Orrin's commentary (from his original liner notes): "There are two very good reasons why this album, which at this writing is just a couple of years short of being a half-century old, remains one of my warmest recording memories. Undoubtedly the more important reason is that this really represents the coming of age of Nat Adderley, a man I will always consider among the most adventurous and intelligent players and leaders I have ever worked with. But to step back and evaluate this album in a very personal way, it is half of what must be one of the most complicated and most rewarding weeks of recording activity I have ever experienced."
Features 24 bit remastering and comes with a mini-description. A stone killer from Cannonball Adderley's funky brother – one of the best soul jazz sets ever cut by Nat Adderley, and one done with a smoking 60s Atlantic Records groove! Nat's blowing trumpet throughout – and working in 2 different groups – one a larger ensemble with a tight soulful swing, arranged by Jimmy Wisner – the other a smaller combo with tenor from Joe Henderson and piano from Herbie Hancock! The whole thing grooves beautifully – and titles include "Gospelette", "Call Me", "Cantaloupe Island", "Hippodelphia", "The Other Side", and "Manchild".
Features 24 bit remastering and comes with a mini-description. Joe Henderson is again in the front line with Adderley for the Live at Memory Lane set. The music, which is in a more advanced hard bop vein than the earlier tracks, is well served by the rhythm section on loan from Cannonball Adderley's quintet: McCurdy, bassist Victor Gaskin, and pianist Joe Zawinul. While it doesn't seem to concern the enthusiastic audience at the Los Angeles club, listeners at home may find one or two of the tracks a bit rambling. Regardless, the set is worthwhile for the presence of Henderson, Zawinul's original pieces, Adderley's own contributions, and for the work of a rhythm section that was part of brother Cannonball's own considerable success during this period.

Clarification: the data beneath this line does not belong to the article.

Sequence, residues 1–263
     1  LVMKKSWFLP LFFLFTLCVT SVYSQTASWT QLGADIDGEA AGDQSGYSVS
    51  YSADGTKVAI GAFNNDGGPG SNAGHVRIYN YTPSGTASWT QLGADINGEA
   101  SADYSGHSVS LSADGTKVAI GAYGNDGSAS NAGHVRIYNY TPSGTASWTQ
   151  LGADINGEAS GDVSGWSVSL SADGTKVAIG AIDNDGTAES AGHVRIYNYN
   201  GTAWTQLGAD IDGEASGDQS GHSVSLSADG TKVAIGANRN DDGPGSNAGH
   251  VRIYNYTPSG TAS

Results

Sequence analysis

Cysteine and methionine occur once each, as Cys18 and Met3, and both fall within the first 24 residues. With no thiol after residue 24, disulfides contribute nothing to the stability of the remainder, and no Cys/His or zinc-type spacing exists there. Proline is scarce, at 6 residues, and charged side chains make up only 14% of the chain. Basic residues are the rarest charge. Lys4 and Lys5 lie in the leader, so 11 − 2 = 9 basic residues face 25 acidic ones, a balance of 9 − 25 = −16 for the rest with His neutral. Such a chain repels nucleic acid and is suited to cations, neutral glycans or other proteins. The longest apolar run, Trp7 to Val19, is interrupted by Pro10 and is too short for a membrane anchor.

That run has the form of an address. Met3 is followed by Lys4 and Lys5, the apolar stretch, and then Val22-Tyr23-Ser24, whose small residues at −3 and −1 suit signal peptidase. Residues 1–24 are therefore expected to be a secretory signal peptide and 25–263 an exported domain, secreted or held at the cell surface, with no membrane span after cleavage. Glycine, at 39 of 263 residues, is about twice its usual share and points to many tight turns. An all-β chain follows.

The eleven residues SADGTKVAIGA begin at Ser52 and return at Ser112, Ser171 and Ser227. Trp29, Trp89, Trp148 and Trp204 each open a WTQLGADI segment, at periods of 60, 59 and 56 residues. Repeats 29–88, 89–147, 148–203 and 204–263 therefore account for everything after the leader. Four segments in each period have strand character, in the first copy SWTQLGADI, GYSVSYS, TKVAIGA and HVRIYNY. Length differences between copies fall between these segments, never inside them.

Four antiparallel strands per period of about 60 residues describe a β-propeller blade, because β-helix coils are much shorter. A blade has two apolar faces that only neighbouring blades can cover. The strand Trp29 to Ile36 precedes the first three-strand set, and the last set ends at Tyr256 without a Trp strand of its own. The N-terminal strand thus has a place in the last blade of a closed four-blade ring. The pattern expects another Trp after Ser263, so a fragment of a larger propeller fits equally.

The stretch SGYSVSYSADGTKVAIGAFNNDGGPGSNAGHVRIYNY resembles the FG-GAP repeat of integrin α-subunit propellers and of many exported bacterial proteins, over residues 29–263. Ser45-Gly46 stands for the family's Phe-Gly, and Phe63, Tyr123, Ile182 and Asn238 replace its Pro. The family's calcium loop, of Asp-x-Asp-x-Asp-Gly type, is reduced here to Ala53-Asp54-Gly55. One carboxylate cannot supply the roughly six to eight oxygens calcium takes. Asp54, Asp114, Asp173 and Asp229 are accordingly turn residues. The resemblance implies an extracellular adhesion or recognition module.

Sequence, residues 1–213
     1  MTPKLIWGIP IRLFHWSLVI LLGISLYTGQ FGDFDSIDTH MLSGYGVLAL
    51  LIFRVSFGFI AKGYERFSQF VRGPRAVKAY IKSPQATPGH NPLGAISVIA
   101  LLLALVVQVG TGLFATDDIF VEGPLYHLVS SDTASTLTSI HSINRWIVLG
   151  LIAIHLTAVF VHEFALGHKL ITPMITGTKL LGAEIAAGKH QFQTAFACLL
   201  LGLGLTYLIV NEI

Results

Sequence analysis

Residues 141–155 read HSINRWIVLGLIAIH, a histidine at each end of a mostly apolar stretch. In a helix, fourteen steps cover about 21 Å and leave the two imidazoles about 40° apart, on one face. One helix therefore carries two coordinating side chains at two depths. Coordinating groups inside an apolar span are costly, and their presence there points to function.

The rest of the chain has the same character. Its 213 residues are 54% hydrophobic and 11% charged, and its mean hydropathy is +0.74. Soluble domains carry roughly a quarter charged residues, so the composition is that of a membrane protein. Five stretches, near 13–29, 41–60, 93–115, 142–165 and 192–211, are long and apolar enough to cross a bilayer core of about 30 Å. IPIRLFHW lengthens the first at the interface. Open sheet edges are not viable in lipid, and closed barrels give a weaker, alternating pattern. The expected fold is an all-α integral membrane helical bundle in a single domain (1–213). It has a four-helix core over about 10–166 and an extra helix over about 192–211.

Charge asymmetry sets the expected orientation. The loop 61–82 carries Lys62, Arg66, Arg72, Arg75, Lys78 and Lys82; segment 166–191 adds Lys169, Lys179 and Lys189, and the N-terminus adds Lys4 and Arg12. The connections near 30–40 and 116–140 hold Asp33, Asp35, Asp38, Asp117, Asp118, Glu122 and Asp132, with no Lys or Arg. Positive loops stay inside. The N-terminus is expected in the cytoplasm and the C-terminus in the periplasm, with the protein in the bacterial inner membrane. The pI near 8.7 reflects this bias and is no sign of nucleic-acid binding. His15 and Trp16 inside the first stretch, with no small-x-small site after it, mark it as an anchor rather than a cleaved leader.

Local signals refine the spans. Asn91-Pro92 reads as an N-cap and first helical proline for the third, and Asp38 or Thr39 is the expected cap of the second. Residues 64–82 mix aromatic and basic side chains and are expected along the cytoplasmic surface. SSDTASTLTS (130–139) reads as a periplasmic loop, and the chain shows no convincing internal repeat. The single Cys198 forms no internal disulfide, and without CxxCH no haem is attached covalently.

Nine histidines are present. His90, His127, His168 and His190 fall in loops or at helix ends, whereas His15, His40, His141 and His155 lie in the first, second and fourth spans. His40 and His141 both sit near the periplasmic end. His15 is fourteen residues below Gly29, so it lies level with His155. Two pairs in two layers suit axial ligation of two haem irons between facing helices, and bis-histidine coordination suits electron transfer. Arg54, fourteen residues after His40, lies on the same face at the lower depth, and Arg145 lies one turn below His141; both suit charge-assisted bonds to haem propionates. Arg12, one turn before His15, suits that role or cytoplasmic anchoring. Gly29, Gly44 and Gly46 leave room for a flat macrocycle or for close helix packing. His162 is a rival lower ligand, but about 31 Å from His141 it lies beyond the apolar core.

Features 24 bit remastering and comes with a mini-description. Cornetist Nat Adderley's first album as a leader after the collapse of Riverside found him switching to Atlantic and performing eight of his most rewarding compositions. With several brass players, Seldon Powell on tenor and flute, pianist Joe Zawinul (who provided the arrangements), bassist Sam Jones, Grady Tate or Bruno Carr on drums and guest spots by Victor Pantoja and Willie Bobo on Latin percussion, Nat performs such numbers as his greatest hit "Work Song," "Sermonette," "The Old Country," "Little Boy With The Sad Eyes" and "Jive Samba." It is a pity that the music on this valuable Lp has yet to be reissued on CD.
One of the best-ever Nat Adderley albums, and a damn funky set of tracks that has a tight soulful feel! The session's got a similar feel to some of the other rare late 60s Milestone albums (like the 2 killers by Bobby Timmons!) – especially in that it's got a group that plays with the fullness of a larger ensemble, and who race in and out nicely, to support the funky solos of the leader. Of course, some of the other players are pretty darn nice in the solo department too – like Joe Henderson on tenor, Jeremy Steig on fluge, and Joe Zawinu on piano – and they also manage to keep a tight rhythmic groove throughout. Titles include "The Scavenger", "Sweet Emma", "Rise Sally Rise", and "Melnat".
Cornetist Nat Adderley was at the peak of his powers in the mid-1960's. This Atlantic issue has four quintet numbers with tenor-saxophonist Joe Henderson (three also feature pianist Herbie Hancock) plus four tunes in which Nat is part of an 11-piece group. He plays quite well on such songs as "Cantaloupe Island," "Hippodelphia," "Gospellete" and even the then-current pop tune "Call Me," making this set one to search for.